SAN DIEGO – In the spring of 1969, three months before the moon landing, Sir Robin Knox-Johnston of Britain achieved the nautical equivalent of climbing Mount Everest when he became the first man to sail alone around the world nonstop.
With GPS still in the future, the merchant seaman made his way around the globe the old-fashioned way, with a sextant. There were several times when his voyage could have ended in disaster. Yet 312 days after he left Falmouth aboard his 32-foot Bermudian ketch, Suhaili, and having spent Christmas and his 30th birthday at sea, he sailed back into the southwestern English port to a hero’s welcome as the winner of the Golden Globe Trophy sponsored by the Sunday Times.
The feat will be commemorated in Falmouth on Monday, the 50th anniversary of the finish.
“I reckon I can celebrate the 50th anniversary but can’t guarantee I’ll be around for 100th,” Knox-Johnston, 80, said in a phone interview. “There will be a heck of a crowd of friends and people turning up. … The navy said if it’s not doing something else, they’ll give me a warship. I doubt it will be an aircraft carrier. We’ve only got one and it’s in dry dock.”
Knox-Johnston was considered an underdog because he had no sponsorship and little money. Yet he was well-prepared due to a four-year apprenticeship with the merchant navy – which he called “brilliant training for this thing” – and having spent 77 days sailing Suhaili from India to Britain after it was built.
He was the only one of nine entrants to finish the race after surviving some potentially devastating moments, as well as having his radio break and his water supply fouled.
A knockdown in the Roaring Forties about 400 miles south of the Cape of Good Hope damaged the self-steering. Then he got into such big seas that he likened it to an anvil slamming into the hull. He had spent his last money on a coil of two-inch rope, which he put out from the stern to help control the boat.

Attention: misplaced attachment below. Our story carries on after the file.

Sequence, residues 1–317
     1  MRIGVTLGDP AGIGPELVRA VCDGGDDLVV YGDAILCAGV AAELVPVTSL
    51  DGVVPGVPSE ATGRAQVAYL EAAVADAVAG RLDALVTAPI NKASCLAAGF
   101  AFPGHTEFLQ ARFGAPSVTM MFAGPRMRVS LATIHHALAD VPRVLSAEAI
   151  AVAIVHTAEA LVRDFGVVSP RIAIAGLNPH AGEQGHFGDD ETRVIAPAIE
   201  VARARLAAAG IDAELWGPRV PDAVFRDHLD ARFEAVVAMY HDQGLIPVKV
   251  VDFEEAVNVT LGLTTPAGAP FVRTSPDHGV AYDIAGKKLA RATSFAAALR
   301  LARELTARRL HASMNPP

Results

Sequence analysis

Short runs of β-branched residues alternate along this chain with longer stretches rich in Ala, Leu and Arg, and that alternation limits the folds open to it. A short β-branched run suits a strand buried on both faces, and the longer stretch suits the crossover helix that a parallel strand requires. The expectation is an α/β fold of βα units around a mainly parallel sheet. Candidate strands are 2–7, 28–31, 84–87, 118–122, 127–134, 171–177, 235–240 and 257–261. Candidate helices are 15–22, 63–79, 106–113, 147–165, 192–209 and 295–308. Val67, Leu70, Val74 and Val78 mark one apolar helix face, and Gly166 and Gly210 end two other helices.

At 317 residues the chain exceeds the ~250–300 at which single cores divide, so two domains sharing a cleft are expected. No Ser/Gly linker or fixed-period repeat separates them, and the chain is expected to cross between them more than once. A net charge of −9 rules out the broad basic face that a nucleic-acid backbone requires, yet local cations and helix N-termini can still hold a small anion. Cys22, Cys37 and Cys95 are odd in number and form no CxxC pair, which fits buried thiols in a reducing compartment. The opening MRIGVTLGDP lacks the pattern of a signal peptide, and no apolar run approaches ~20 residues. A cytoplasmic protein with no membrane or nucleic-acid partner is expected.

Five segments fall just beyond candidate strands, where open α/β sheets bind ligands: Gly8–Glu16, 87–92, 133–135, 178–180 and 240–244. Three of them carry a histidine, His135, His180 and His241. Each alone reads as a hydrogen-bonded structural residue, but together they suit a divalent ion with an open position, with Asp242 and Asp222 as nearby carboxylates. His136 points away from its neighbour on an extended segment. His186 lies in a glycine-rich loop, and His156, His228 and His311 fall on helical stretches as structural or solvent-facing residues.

After his water supply was fouled, he said he had five gallons of fresh water left and 100 cans of beer.
“There’s my liquid,” Knox-Johnston said. “I reckoned with that I can probably get to Australia. I was just south of the Cape of Good Hope, so, well, why not carry on? I’ll see if I can catch rain in the sails, which is what I did from then on. It went very well.”
Halfway between New Zealand and Cape Horn, he was on the deck when a huge wave came from astern and broke over the boat. Realizing he’d be washed overboard if he stayed on deck, he went up the rigging and watched the boat disappear under the wave. The wave had opened the hatch and filled the boat with what he estimated as three tons of water.
“The best bailer is a frightened man with a bucket,” he said.
Out of contact with civilization for four months, he sailed near the Melbourne pilot vessel and asked if he could toss over some mail and photographs. He said he was met with a rude response.
When he told them he was then heading across the Tasman Sea to New Zealand, the response was: “You be careful, mate. The Tasman’s bloody dangerous,” Knox-Johnston recalled. “He wasn’t the least bit impressed with the fact I’d sailed 147 days from England.”
He got appendicitis as he was crossing the equator heading home, in the middle of the Atlantic. “I looked it up in the ship captain’s medical guide, and it said I was either pregnant or had appendicitis, so I came to the conclusion I had appendicitis.”
Doubled over in pain, he said he altered his diet as best he could. “Eighteen months later, I was rushed to the hospital and the surgeon said, ‘Have you had pains before?’ I said, ‘Why?’ and he said, ‘Because it had lesions on it.’ It had burst and repaired itself. Every day has been a bonus ever since.”
He said the proper attitude was key to survival.
“Of course things go wrong. If this was easy, someone else out would do it, so stop whingeing and carry on,” he said, using a British term for whining.
Knox-Johnston made another solo circumnavigation 12 years ago because “these youngsters told me I was too old. I didn’t agree. I was only 68. I was still young.” He completed the trip in the Velux 5 Oceans race in the 60-foot Grey Power in 130 days.
He also completed two circumnavigations with crew, including in 1994 when he and the late Sir Peter Blake of New Zealand led a crew aboard a 92-foot catamaran to win the Jules Verne Trophy with a time of 74 days, 22 hours, 17 minutes and 22 seconds.
Knox-Johnston was knighted the following year.
In 1996 he founded the Clipper Race, in which professional skippers lead amateur crews.
“The first thing people don’t appreciate is the sea is never the same,” he said. “You look at it one second, and the next second it has changed. You never know what will pop up – a dolphin, a whale, a bird. When the boat is sailing along and you’re comfortable, feeling good and you’re going fast, come on, I want everyone to have this experience. I want everyone to try it.”
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